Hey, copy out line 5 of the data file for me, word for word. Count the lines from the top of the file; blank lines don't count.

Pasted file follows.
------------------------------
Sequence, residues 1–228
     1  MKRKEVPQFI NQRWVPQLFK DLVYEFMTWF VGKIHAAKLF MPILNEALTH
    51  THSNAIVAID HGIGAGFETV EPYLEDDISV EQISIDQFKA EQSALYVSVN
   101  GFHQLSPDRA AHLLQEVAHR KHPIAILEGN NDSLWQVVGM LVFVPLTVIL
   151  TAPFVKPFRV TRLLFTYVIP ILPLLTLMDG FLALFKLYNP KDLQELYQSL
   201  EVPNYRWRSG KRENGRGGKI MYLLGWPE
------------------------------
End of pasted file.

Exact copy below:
   151  TAPFVKPFRV TRLLFTYVIP ILPLLTLMDG FLALFKLYNP KDLQELYQSL